There’s some really revolutionary work taking place with Indigenous peoples of all ages right now in terms of how we are able to reclaim our voices by sharing traditional knowledge through Indigenous hashtags, social-media storytelling and language reclamation online. This kind of work is what I love and find purpose in. Searching, finding, reclaiming and uplifting Indigenous voices and stories and perspectives.

Tell us about your experience as an Indigenous entrepreneur.

When speaking about Indigenous businesspeople and entrepreneurs, I find the narrative is often about how we’ve come to succeed as individuals. But I don’t think there’s any such thing as being self-made. I think we are all a product of our communities, of the people who we trust, of those who believe in us and of our ancestors who fought for us to be where we are today. I think that this is a profound and important piece of Indigeneity, that we always exist as part of our community.

Your advice for furthering Indigenous empowerment in Canadian business?

I think you have to be on the inside to make real change. That means that Indigenous people should be inside every industry working right from the top down. In all my partnerships, especially with Canadian businesses who are representing Canadian culture worldwide, I make sure that they are representing Indigenous people within that, because that’s a part of the Canadian landscape and you can’t deny it no matter what industry you’re in.

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Your advice to Indigenous youth reading this column?

My advice for Indigenous young people is to be curious about who they are and the ancestors who fought for them to be here. Then with that knowledge, to dream themselves into the future as they are. They don’t have to change anything about who they are to be successful, they should exist as they are – whole and beautiful.

Read more from our Indigenous business leaders series:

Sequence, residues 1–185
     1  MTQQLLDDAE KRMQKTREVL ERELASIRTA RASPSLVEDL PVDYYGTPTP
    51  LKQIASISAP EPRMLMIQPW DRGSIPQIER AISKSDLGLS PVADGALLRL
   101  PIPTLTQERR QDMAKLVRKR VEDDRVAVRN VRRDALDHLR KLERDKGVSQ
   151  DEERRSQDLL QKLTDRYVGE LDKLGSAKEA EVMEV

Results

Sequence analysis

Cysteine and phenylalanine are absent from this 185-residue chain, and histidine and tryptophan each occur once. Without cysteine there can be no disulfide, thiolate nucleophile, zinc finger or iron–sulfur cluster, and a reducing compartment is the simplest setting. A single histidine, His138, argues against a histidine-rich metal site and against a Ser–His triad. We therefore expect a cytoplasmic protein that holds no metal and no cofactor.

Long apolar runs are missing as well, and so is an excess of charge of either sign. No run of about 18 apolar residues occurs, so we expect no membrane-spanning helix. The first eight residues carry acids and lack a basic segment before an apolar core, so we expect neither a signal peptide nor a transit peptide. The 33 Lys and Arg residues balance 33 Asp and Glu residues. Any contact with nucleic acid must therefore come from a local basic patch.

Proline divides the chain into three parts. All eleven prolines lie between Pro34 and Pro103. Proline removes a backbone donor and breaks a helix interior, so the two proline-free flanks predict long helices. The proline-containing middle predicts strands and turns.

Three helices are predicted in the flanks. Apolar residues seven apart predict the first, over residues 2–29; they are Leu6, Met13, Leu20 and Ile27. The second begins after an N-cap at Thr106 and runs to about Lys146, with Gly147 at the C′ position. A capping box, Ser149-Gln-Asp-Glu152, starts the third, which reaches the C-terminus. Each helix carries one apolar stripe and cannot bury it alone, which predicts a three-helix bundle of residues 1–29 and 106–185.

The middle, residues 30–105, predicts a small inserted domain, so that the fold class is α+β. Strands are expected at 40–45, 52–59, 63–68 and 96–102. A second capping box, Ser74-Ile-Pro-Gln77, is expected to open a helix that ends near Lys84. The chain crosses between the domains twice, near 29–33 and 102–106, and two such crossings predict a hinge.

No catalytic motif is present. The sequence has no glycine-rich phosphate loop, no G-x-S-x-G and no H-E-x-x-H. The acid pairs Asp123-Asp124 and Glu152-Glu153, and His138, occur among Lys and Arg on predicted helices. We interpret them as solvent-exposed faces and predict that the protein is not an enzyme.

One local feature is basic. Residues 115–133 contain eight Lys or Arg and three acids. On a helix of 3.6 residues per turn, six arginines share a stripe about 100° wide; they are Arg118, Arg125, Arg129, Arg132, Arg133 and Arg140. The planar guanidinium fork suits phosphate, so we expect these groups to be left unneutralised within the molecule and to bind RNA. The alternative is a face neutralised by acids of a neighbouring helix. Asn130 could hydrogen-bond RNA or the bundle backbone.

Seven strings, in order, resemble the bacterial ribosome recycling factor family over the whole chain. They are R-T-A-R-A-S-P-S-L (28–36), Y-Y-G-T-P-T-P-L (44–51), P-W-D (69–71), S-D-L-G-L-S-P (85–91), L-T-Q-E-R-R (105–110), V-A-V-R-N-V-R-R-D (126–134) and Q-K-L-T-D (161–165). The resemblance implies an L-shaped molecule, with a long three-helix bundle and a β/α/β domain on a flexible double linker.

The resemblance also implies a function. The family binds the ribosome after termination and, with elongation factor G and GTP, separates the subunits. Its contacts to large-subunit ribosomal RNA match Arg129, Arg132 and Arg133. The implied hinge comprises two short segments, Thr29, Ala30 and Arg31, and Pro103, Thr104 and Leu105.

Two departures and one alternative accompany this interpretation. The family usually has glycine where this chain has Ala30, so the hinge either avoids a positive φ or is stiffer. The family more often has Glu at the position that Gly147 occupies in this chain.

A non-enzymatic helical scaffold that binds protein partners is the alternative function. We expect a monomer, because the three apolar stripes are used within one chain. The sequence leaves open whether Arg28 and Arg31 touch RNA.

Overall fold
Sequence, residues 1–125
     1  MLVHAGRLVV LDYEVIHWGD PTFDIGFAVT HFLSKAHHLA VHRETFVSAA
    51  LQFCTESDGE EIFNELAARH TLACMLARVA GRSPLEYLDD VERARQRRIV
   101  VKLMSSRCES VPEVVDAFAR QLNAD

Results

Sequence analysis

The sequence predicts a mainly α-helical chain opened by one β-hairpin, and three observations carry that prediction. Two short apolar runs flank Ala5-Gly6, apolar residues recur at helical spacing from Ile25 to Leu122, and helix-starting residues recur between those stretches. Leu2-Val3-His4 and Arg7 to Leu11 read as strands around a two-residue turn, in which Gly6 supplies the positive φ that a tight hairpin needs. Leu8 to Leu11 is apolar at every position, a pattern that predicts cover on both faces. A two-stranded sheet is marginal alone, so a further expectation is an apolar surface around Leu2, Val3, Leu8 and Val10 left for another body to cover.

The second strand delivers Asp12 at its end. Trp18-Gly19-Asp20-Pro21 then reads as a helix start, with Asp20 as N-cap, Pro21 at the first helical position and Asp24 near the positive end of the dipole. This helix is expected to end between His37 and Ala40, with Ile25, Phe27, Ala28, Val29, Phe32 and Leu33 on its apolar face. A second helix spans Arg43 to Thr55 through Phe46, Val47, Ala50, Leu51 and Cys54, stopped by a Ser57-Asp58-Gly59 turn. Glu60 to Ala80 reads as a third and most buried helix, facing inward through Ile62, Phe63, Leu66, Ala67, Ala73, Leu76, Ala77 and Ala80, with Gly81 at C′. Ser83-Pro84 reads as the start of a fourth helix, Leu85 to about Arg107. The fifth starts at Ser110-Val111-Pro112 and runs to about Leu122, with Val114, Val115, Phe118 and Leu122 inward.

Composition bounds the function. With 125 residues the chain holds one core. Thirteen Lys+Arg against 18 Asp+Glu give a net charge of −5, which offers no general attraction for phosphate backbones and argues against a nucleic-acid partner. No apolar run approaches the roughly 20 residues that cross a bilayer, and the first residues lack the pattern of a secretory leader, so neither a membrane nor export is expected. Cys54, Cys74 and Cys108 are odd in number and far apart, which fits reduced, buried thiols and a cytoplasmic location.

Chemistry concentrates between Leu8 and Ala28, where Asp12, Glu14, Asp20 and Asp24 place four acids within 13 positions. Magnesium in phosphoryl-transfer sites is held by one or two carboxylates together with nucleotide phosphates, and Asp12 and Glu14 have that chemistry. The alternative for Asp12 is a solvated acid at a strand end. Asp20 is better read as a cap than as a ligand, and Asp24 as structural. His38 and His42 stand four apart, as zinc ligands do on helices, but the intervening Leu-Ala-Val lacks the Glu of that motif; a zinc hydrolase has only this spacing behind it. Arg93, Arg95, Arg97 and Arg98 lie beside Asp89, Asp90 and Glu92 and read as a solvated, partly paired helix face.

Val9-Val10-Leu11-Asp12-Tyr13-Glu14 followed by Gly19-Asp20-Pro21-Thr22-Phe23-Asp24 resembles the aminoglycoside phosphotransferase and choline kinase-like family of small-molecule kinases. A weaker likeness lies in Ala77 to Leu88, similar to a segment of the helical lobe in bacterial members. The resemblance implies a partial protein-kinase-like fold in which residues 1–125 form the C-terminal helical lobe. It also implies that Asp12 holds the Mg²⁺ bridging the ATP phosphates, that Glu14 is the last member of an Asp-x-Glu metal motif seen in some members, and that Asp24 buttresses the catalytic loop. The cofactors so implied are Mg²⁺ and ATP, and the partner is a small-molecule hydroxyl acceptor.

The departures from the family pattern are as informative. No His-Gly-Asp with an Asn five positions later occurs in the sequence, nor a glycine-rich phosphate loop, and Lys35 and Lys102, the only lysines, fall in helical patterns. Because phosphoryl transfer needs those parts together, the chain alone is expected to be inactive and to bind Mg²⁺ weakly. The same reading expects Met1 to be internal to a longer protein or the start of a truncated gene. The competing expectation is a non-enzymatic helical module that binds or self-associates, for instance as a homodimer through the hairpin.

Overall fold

Canada must face its deep systemic racism against Indigenous people

Deloitte partner Jolain Foster on leadership, reconciliation and what it means to be Gitxsan

Manitobah Mukluks founder says business leaders can learn about sustainability from Indigenous people

Teara Fraser says leaders should ask: ‘What really matters?’

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Summers living off the land influenced leadership style of Inuk CEO Clint Davis

For Mi’kmaw educator Marie Battiste, inner growth is essential to be a leader

‘Our survival utterly depends on living in nature, not apart from it,’ Indigenous rights advocate says

For Senator Murray Sinclair, leadership is defined by humility

Trust is the foundation of leadership, says Chief Terry Paul of Membertou First Nation

We must prioritize economic reconciliation, Canadian Council for Aboriginal Business CEO Tabatha Bull says

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For Tracy Bear, leadership begins with accountability, service and connection to the land

For APTN chief executive Monika Ille, leadership means honouring her Nation’s history

Pause, think, listen: National Bank Financial’s Sean St. John on using Indigenous approaches to leadership

About the series

Canada has a long history of dispossession, oppression and discrimination of Indigenous peoples. The future, however, is filled with hope. The Indigenous population is the fastest growing demographic in Canada; its youth are catalyzing change from coast to coast to coast. Indigenous knowledge and teachings are guiding innovative approaches to environmental protection and holistic wellness worldwide. Indigenous scholars are among those leading the way in exciting new research in science, business and beyond. There is no better or more urgent time to understand and celebrate the importance of Indigenous insight, culture and perspective.

Optimism is rare in media. And coverage of Indigenous peoples often fails to capture their brilliance, diversity and strength. In this weekly interview series, we will engage Indigenous leaders in thoughtful conversation and showcase their stories, strategies, challenges and achievements.

Karl Moore is a professor at the Desautels Faculty of Management, McGill University, in Montreal. He is also an associate fellow at Green Templeton College at Oxford University. He was the host of a long-running video series for The Globe and Mail in which he interviewed chief executive officers and business professors from the top universities in the world. His column, Rethinking Leadership, has been published at since 2011. He has established a global reputation for his research and writing on leadership, and he has interviewed more than 1,000 leaders, including CEOs, prime ministers and generals.

Wáhiakatste Diome-Deer is completing her master’s degree in educational leadership at McGill. She holds a bachelor of arts degree in psychology and brain sciences from Dartmouth College in New Hampshire and has completed graduate work at Harvard University in Massachusetts. She is a consultant in education, leadership and Indigenization for organizations and schools, and has previously held positions at the Kahnawake Education Center, the Quebec Native Women association and the Canadian Executive Service Organization. Ms. Diome-Deer is a traditional Kanien’kehá:ka woman from the community of Kahnawà:ke.